Hanged vs. Hung: Which is Correct?

Have you ever debated whether to use hanged vs. hung in a sentence? Were you writing about an execution? The word hanged refers to a person’s death at the end of a rope. That is its sole correct usage.

If no one is dead, then you shouldn’t use hanged.

Hung’s Relationship to Hang

The word hung is the past tense of hang when that verb refers to suspending an object.

Conversely, the word hanged is the past tense of hang then that word indicates taking someone’s life by affixing a rope to the neck and suspending them.”

Hanged vs. hung: a complete conjugation chart of "to hang"

HANGED VS. HUNG: complete conjugation chart of to hang (suspend)

Using Hung Correctly

A hat can be hung on a hat rack. A sheet can be hung to dry. If you are a hunter, your trophy buck’s head can be hung above the mantle to impress your friends.

If the suspended object is not a person, hung is always the correct word.

However, just because a person is suspended does not mean they are hanged.

At the beginning of the movie Goldeneye, superspy James Bond hung off a bridge from a bungee line to infiltrate an enemy base. In A Fish Called Wanda, the barrister played by John Cleese was hilarious hung out of a window by his ankles by an irate Kevin Kline.

Neither of these involves the subject dying, so hung is the correct verb.

Using Hanged Correctly

On the other hand, the suspected witches at the end of The Crucible are all hanged (spoiler alert for a 70-year-old play).

Hanged is most used about executions and suicides.

Incorrect – Four people were hung for their roles in the assassination of Abraham Lincoln.

Correct – Four people were hanged for their roles in the assassination of Abraham Lincoln.

Incorrect – The fugitive hung himself when it became clear that escape was impossible.

Correct – The fugitive hanged himself when it became clear that escape was impossible.

Here is an excellent way to remember this. The person who oversees a hanging execution is called a hangman, not a hungman.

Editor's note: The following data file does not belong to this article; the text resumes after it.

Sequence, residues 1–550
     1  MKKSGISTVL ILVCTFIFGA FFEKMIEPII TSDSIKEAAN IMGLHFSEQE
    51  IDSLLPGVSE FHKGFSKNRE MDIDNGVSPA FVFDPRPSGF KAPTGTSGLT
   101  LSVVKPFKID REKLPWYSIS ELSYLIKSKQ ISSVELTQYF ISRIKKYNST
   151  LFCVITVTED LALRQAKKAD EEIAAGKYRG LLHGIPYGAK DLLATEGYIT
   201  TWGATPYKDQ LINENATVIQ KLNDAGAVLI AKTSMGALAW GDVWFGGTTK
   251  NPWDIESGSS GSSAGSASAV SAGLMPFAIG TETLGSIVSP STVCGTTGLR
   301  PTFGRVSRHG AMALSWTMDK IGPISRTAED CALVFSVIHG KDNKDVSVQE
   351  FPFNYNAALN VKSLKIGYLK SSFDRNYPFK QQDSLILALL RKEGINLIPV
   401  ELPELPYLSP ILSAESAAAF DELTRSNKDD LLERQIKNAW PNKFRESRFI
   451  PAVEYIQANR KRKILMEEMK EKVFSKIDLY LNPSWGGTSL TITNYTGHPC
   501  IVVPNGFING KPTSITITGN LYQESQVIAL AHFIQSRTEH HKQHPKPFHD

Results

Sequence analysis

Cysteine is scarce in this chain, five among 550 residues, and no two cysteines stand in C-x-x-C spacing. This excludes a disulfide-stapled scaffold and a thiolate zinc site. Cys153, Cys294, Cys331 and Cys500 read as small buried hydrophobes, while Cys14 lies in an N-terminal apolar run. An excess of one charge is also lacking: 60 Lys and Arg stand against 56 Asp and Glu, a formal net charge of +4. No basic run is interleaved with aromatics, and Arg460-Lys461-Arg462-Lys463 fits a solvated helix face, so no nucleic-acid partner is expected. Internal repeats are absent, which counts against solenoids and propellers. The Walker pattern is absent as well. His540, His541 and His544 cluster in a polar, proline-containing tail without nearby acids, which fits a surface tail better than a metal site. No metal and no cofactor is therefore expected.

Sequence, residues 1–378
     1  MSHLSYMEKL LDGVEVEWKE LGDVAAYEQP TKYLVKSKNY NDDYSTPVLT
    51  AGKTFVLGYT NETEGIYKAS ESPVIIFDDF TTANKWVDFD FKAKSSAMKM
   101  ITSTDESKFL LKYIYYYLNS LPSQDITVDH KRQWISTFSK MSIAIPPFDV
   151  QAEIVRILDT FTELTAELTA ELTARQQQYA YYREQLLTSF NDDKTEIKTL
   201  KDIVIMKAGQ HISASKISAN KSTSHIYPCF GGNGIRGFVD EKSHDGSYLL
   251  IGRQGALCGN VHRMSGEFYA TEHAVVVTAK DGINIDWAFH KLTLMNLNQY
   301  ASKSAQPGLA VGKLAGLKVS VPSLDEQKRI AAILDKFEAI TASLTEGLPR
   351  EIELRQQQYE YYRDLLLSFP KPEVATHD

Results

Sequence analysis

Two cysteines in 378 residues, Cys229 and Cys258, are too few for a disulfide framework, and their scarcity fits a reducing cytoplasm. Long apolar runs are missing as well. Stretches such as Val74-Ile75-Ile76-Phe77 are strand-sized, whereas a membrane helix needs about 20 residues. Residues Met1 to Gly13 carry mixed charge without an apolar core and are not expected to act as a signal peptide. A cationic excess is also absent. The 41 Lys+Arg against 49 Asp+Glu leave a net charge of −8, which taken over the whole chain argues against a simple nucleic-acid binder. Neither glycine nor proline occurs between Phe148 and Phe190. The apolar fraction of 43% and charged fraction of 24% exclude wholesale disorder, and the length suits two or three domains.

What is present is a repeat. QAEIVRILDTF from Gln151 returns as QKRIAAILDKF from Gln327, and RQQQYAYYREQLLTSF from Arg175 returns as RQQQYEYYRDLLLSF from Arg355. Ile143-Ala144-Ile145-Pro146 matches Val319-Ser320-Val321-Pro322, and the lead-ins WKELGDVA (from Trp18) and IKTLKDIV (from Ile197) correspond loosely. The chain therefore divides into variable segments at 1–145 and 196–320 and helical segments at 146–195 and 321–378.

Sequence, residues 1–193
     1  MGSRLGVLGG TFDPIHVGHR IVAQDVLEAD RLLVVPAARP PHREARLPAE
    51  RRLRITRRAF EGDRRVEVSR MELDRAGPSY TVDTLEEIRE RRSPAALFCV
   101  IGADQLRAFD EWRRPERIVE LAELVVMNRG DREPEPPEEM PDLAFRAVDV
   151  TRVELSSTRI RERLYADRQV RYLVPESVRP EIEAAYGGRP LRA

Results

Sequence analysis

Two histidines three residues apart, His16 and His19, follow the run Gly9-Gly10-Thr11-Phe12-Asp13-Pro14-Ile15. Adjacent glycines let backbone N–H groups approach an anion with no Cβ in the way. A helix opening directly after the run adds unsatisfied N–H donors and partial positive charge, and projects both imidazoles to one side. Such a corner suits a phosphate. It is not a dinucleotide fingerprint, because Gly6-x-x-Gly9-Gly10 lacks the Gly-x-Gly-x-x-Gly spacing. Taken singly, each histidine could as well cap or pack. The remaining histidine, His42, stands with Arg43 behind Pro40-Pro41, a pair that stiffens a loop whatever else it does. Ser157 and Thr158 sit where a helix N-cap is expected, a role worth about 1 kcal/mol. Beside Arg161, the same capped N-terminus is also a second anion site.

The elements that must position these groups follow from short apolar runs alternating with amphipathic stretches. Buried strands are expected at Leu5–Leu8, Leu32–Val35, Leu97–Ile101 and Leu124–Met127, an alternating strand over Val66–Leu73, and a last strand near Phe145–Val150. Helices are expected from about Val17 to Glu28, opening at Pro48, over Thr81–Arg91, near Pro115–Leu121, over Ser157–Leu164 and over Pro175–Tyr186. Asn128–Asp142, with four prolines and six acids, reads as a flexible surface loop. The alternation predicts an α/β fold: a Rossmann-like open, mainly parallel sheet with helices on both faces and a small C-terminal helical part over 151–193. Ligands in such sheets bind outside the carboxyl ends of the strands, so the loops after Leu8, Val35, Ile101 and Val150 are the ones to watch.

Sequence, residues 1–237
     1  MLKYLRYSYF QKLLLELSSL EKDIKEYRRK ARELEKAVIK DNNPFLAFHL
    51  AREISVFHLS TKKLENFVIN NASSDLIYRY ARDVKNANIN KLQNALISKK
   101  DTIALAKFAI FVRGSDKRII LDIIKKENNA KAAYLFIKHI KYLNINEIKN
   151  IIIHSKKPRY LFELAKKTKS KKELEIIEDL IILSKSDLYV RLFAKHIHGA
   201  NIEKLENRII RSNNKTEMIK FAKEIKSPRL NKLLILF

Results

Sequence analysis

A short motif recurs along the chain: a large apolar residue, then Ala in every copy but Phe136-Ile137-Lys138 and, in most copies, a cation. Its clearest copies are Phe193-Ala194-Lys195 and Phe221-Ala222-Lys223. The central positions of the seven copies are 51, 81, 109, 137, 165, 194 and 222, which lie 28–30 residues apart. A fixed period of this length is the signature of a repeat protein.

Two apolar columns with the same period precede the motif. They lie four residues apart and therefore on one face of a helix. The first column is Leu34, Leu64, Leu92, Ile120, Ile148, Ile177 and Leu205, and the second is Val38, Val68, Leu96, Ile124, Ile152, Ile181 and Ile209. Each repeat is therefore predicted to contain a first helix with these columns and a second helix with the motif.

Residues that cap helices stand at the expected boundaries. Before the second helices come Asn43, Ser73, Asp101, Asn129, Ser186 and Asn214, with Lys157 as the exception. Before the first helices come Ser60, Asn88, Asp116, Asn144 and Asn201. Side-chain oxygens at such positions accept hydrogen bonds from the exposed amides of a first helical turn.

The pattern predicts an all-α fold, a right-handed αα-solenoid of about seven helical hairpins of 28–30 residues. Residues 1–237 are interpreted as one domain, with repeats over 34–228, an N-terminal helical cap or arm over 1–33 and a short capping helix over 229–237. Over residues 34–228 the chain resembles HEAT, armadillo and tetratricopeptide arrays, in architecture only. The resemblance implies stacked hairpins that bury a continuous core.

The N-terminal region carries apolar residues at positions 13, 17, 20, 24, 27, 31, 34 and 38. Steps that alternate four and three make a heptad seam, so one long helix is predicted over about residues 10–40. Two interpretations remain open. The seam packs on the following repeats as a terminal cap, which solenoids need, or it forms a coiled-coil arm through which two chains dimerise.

Other Distinctions Involving Hanged and Hung

You might find yourself needing to use hanged and hung in quick succession when referring to executions from earlier eras. The reason for this is that the bodies of condemned criminals were sometimes suspended from cages as deterrents to the populace.

Here is an example:

After the bandit was hanged, his body might be hung in a gibbet on the road outside town as a macabre example.

There are also uses of hang that do not involve physical suspension. The most common example is hang out, meaning socializing casually with other people. Though this involves other humans, it does not include death in any way. Consequently, the past tense form of hang out is hung out.

Incorrect – I hanged out with my buddies in the park yesterday.

Correct – I hung out with my buddies in the park yesterday.

Another example of using hang figuratively is the expression hang up. This phrase means a lingering concern. To warn someone not to worry unnecessarily, you would tell them not to get hung up.

Incorrect – You shouldn’t get hanged up on the details of the proposal.

Correct – You shouldn’t get hung up on the details of the proposal.

In Conclusion

When choosing between hanged vs. hung, you should think first about whether you are discussing capital punishment. If you are not, the correct term is most likely hung.

Indeed, hung universally works for in figurative use and where the object is not human. However, if a person expires at the end of a rope, you should generally go with hanged.

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